After 20 years of tackling the “hole in our gospel,” World Vision’s most recent president is fine retiring from World Vision with some tasks unfinished.
You’ve grown World Vision US from $350 million to $1 billion over your two decades as president and CEO. Today 40,000 international staff serve children in 100 countries, and you just visited Rwanda to launch a five-year plan to make it the first developing nation with universal access to clean water. Why retire now?
I believe that everything has a season. Like Moses with the staff in his hand, I brought what I had to offer World Vision and made it available to the Lord. I’ve had a wonderful season here, but I don’t want to be that guy the board is whispering about: “When’s the old boy going to leave? Isn’t it about time?” I’m 67. It’s time for World Vision to have a fresh vision and a new leader who has new things to offer.
When World Vision first courted you, you said it was looking for a leader who was “part CEO, part Mother Teresa, and part Indiana Jones.” Is that who you’ve become?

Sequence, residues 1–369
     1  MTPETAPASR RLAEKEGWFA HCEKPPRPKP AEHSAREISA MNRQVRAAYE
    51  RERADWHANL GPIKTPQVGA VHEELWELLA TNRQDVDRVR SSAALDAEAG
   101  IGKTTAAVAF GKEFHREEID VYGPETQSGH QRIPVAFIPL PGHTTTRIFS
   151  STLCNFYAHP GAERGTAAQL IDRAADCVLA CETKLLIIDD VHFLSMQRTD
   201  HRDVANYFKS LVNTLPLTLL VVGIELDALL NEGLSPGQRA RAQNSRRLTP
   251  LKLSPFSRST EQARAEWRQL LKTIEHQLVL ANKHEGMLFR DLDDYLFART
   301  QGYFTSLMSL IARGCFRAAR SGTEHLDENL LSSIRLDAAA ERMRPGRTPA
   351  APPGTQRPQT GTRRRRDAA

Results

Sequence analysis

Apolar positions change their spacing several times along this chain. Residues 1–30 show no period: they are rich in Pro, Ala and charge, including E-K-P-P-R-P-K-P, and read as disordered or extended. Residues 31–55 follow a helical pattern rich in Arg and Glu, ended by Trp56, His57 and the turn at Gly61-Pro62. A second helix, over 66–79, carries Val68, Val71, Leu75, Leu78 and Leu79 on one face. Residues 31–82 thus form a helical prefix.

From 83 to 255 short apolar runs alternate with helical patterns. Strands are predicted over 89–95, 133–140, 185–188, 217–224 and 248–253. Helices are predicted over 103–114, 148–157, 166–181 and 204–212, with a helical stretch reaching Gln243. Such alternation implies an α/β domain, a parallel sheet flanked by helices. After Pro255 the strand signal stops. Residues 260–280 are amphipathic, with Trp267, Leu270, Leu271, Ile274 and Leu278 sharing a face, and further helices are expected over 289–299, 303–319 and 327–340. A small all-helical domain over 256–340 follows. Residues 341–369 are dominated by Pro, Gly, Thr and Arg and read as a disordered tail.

I think to some extent [yes]. The Mother Teresa part is you got to have a big heart for the poor and a passion for the least of these. The CEO part is it’s a billion-dollar organization, and it’s more complex today than when I started. And the Indiana Jones part is sometimes you find yourself in places like South Sudan surrounded by AK-47s. You’ve got to have a certain amount of adventuresome-ness in your bones to do that travel and enter into the world’s heartbreak.
What are some of your proudest accomplishments?
AIDS, refugees, and WASH [water, sanitation, and hygiene] have all been major passions of mine. When tackling the HIV/AIDS crisis in the early 2000s, my marketing VP said, “We’re a G-rated ministry, and this is an R-rated issue. …